Central Alberta budget watchers saw some positives in the NDP’s spending plans.
However, concerns remain about the size of the projected debt and the government’s rosy economic projections.
Red Deer and District Chamber of Commerce gave the budget a “pretty good” rating.
“It was good to see stable and predictable funding for things like infrastructure, health and education,” said Reg Warkentin, policy co-ordinator for the chamber.
“We did a survey back in February and we heard pretty resoundingly that our members did not want to see cuts in service in those areas.”
However, there is concern about the debt levels envisioned by the NDP government, which will hit $47 billion by around 2019-20. The budget is not projected to be balanced until the same year.
“That’s always alarming. But it was good to see the spending controls they put in place, to really make that strong commitment that they are going to get spending under control and just basically increase it with inflation.”
The government has committed to bringing in legislation capping borrowing at 15 per cent of GDP.
Small and medium-sized businesses might also benefit from budget initiatives offering improved access to capital, although the details are still unclear. A $5,000 employment credit may also be useful for businesses on the cusp of hiring.
Access to labour and capital are the biggest challenges for many entrepreneurs, he said.
A proposed increase in corporate taxes was unveiled months ago and was no surprise.
There is some uneasiness that the government is turning to its contingency fund to help make ends meet. As well, it is clear resource revenue is being banked on to provide a major source of future revenue.
Red Deer Mayor Tara Veer said the city is “satisfied” with the government’s spending program, which does not hold any surprises for the current budget year.
Questions remain about the government’s future plans, both in municipal grant levels and support for big-ticket capital projects, such as a south Red Deer overpass, the north highway connection across the river and a new courthouse.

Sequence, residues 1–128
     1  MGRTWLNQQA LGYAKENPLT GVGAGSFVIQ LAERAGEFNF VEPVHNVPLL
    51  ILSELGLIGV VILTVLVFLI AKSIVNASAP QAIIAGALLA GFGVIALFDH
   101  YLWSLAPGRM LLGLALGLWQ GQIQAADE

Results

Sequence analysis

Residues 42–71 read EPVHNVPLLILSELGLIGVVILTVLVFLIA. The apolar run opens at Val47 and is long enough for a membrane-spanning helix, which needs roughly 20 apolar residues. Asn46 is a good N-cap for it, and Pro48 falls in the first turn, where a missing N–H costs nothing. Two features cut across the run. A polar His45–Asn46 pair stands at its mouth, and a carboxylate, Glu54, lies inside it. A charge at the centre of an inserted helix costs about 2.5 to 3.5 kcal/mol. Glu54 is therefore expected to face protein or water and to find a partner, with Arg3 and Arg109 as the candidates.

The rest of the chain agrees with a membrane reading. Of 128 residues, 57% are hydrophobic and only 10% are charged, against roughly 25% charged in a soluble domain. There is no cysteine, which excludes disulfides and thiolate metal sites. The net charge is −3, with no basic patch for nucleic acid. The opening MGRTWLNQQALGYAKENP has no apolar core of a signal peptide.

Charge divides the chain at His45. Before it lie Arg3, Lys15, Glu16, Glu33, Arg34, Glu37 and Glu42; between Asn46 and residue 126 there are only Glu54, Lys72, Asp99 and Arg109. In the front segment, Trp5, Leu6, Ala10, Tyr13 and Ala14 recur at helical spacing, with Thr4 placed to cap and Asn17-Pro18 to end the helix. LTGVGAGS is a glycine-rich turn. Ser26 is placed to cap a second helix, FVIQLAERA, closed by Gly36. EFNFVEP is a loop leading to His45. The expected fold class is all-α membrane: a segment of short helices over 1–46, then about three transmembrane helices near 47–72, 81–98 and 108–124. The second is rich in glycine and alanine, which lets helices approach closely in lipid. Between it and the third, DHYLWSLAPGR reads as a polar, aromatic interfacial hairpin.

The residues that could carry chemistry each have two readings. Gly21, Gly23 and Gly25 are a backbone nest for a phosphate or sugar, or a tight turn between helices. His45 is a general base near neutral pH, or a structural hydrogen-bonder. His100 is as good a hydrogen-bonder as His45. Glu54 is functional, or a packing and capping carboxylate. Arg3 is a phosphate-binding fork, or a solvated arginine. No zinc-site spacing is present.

The city remains hopeful those projects and local schools will be included in the government’s plan to increase infrastructure spending.
Municipal Sustainable Initiative funding — which provided $24 million to the city this year — remain stable for now, but there are indications it may be reduced in future years, which would have a direct impact on city spending projections.
Veer said the city was pleased to see Red Deer College will get $20 million towards the proposed Centre for Health, Wellness and Sport, a key facility for the 2019 Canada Winter Games.
It is also hoped the province’s pledge to increase long-term care support will mean money for the Piper Creek Foundation’s plans for affordable seniors housing.
Total funding for Family and Community Support Services, which supports many local social support programs, is being increased by $25 million. Some of that will trickle down to Red Deer, requiring an increase to the city’s 20 per cent matching portion.
Veer said the city expects to have a clearer take on what the budget will mean locally in the next few days.
Innisfail-Sylvan Lake Wildrose MLA Don MacIntyre said the NDP’s plans are “kinda scary.
“It seems like this government is determined to try to borrow or tax their way to prosperity and, of course, that doesn’t happen in the real world,” said MacIntyre.
The government made no effort to cut costs, instead, racking up $26.8 billion worth of deficits to 2018 and pushing the debt to $47 billion.
“These are really risky economic theories they’ve got on the go and they’ve packaged it with a lot of record taxes, record deficits and record debt.”
Even hitting those numbers relies on rosy economic predictions and a 25 per cent increase in provincial revenues over the next three years.
MacIntyre said money is better left with taxpayers to spend than government and he is dismayed that the size of government will continue to increase.
With a population of only four million Alberta shoudn’t be saddled with a $47 billion debt.
“This is just unconscionable. It’s just plain wrong.”
Ron Orr, Wildrose MLA for Lacombe-Ponoka said wryly “it’s definitely an NDP budget.”
Orr said while it could have been worse he is opposed to racking up $47 billion in debt and multiple deficit budgets.
The province will end up having to pay almost $1.3 billion a year just to cover its debt interest, he said.
“It’s a huge, huge number in a lot of ways,” he said, adding the debt will take many years to pay off.
Like MacIntyre, Orr was unhappy how little effort the government made to find savings. The auditor general’s annual report has provided many examples of wasteful spending that could have been pursued, he said.
The NDP’s budget balancing strategy relies on economic growth numbers that never seem to occur on the timelines one hopes, he said.
“It seems like the good numbers are always four to five years out, and the reality numbers are always the ones right on your doorstep.”
If revenue or expenses are off, even by a single percentage point, the government’s financial plans won’t work, he said.